[libre-riscv-dev] next tasks

Luke Kenneth Casson Leighton lkcl at lkcl.net
Mon Mar 16 22:53:05 GMT 2020

On Monday, March 16, 2020, Immanuel, Yehowshua U <yimmanuel3 at gatech.edu>

> If we decide we don't want rpython, then I would suggest Rust — I’ve
> Like I’ve mentioned before, I’m all for Rust.
> If I remember correctly, we’re implementing POWER 3.0 and Gem5 only has
> support for 2.7(2.7 and 3.0 - wow sounds like Python versions :)…

hugh just pointed me today at work by IBM and a university in India which
fixes that.

> Anyways, one thing we should strongly consider making the simulator take
> advantage of multiple cores.
> Honestly, we could implement a single cycle CPU in RTL and the compile it
> into C++ with Verilator.
> To me, this seems to be the way to go.
> 1. Verilator Creates quite speedy cycle accurate C++ models
> 2. RTL is a really natural way to describe a CPU - duh
> 3. A single cycle CPU is about 3 - 4 days worth of labor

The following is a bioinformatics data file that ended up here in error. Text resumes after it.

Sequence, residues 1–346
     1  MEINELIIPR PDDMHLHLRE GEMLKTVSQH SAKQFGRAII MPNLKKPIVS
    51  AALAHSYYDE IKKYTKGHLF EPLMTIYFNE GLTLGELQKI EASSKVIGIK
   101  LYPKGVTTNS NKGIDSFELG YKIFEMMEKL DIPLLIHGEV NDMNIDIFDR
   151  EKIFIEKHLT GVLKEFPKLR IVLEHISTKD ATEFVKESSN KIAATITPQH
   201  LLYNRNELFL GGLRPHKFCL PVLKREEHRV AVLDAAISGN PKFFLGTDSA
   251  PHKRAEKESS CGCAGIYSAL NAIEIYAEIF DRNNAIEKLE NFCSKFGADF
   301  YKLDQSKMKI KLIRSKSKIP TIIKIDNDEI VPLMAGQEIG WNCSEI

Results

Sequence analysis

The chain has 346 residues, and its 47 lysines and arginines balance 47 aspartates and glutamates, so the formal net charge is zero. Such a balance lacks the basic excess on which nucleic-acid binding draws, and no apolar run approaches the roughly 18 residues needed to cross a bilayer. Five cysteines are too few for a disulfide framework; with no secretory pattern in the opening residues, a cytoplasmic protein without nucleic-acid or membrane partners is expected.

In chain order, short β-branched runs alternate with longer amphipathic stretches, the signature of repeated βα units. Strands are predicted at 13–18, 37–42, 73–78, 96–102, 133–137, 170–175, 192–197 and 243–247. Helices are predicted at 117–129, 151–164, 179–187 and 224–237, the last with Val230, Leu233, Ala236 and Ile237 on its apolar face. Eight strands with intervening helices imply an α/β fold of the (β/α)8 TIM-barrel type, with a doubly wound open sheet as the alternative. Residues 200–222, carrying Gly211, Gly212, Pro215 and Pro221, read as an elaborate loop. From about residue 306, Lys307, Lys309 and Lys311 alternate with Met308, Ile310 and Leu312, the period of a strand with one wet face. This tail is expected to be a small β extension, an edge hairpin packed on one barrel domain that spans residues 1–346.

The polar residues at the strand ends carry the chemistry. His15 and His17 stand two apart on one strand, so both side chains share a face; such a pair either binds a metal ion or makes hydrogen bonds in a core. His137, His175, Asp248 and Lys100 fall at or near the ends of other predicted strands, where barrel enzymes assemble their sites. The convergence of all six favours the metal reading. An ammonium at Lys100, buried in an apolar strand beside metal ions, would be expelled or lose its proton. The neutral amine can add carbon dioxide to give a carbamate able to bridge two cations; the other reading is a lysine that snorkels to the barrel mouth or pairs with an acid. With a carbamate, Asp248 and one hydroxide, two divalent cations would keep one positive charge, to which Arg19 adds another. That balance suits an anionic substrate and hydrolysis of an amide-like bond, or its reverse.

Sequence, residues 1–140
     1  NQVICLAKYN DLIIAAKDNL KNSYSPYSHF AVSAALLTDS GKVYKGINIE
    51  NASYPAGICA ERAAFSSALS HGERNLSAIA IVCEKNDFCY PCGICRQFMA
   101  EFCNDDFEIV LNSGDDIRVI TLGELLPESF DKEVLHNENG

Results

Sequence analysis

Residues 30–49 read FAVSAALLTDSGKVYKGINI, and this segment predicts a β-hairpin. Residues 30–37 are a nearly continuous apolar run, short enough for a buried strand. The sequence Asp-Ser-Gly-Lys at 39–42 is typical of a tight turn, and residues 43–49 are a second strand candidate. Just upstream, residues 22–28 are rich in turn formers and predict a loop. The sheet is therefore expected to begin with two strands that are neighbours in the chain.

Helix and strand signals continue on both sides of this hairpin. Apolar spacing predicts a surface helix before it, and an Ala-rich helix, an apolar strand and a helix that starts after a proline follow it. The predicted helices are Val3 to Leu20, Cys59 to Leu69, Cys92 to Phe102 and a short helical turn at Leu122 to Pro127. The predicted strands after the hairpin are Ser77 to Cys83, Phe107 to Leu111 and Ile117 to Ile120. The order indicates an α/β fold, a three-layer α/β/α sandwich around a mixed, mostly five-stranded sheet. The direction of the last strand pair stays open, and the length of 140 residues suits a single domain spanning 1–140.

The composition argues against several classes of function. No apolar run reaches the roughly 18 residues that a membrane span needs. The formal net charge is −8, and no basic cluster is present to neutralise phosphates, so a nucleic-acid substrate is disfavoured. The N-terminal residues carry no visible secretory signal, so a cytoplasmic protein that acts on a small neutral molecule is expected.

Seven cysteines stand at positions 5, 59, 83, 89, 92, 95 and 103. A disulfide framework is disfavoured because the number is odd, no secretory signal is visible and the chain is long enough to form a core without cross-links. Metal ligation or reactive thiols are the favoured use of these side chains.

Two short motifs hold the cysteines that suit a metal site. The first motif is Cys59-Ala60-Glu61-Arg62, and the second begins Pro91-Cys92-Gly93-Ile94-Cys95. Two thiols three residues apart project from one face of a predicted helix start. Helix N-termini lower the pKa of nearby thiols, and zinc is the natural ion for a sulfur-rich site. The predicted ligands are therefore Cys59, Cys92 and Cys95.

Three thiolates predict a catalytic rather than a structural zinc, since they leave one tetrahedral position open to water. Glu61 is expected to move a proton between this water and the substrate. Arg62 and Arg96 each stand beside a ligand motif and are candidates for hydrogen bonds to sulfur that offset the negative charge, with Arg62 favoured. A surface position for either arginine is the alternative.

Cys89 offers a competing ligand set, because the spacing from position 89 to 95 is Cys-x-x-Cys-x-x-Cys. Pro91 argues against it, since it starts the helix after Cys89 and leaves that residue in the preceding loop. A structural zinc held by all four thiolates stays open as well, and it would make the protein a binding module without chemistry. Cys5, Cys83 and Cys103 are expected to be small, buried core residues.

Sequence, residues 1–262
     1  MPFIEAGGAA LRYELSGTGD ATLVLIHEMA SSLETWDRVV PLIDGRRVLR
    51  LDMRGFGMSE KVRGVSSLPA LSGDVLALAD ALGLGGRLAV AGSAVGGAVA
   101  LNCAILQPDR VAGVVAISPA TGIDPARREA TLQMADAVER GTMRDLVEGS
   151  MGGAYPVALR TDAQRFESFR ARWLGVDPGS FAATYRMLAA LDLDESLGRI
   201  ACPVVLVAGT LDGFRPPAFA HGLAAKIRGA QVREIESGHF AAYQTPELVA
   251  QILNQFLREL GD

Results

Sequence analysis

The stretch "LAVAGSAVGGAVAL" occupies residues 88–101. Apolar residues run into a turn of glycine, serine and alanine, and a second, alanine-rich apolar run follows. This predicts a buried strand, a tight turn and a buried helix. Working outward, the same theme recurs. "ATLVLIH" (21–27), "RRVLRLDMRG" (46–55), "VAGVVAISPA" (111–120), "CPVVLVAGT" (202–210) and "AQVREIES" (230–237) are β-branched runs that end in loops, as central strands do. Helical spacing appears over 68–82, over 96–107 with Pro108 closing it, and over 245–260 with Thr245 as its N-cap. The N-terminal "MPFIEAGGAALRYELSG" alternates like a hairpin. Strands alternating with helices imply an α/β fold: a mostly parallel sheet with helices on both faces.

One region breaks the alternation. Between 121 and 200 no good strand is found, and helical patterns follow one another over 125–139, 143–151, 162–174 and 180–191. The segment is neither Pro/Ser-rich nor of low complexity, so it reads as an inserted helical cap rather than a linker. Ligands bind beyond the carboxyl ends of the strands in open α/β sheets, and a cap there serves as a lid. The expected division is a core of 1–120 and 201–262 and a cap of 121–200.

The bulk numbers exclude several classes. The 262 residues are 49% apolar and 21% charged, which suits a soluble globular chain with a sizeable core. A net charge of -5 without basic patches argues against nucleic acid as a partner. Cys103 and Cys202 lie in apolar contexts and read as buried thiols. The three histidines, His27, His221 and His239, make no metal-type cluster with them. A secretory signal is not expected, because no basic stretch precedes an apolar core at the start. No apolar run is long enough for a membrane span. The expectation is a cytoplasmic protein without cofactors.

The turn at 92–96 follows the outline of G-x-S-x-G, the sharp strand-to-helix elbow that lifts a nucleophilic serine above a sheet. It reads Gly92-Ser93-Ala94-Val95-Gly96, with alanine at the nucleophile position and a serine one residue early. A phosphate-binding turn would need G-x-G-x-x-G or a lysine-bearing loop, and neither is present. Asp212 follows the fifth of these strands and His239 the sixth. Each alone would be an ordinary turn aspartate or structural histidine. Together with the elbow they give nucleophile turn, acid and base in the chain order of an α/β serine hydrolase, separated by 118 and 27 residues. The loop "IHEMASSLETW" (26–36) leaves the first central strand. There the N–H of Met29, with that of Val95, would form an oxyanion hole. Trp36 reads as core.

> 4. If we did the Single cycle CPU reference simulator in BSV for example,
> it’d simulate even faster than it would in verilator

yes it is a huge advantage of BSV that it actually compiles to an
executable that is 20x faster than verilator.

> I know using an RTL implementation of a CPU to test other RTL
> implementations seems unatural, but if we’d want to catch errors like
> pipeline and flushing behaviors in our CPU, then what makes more sense than
> a single cycle reference?

an FPGA test.

this is absolutely essential.

an FPGA test finds parallelism, gate propagation and timing errors that RTL
level simulations simply cannot catch.

> Also, I’d imagine in the future that we’d want to have speedy unit-testing
> etc etc, and considering ventilator offers multi-core support, we could see
> the speedup benefit of throwing our unit tests at a 64 core risen 3990x for
> example.

we have just been offered access to raptorcs POWER9 remote login, so we can
do some unit tests on there.

jacob i think it would be really good to get the algorithmic library into
shape by actually running it on there, and for the unit tests to try all
the different rounding modes exceptions etc.

then when we have that, we can also run the nmigen RTL on the same (fast)
hardware and make sure it covers the same cases.


crowd-funded eco-conscious hardware: https://www.crowdsupply.com/eoma68

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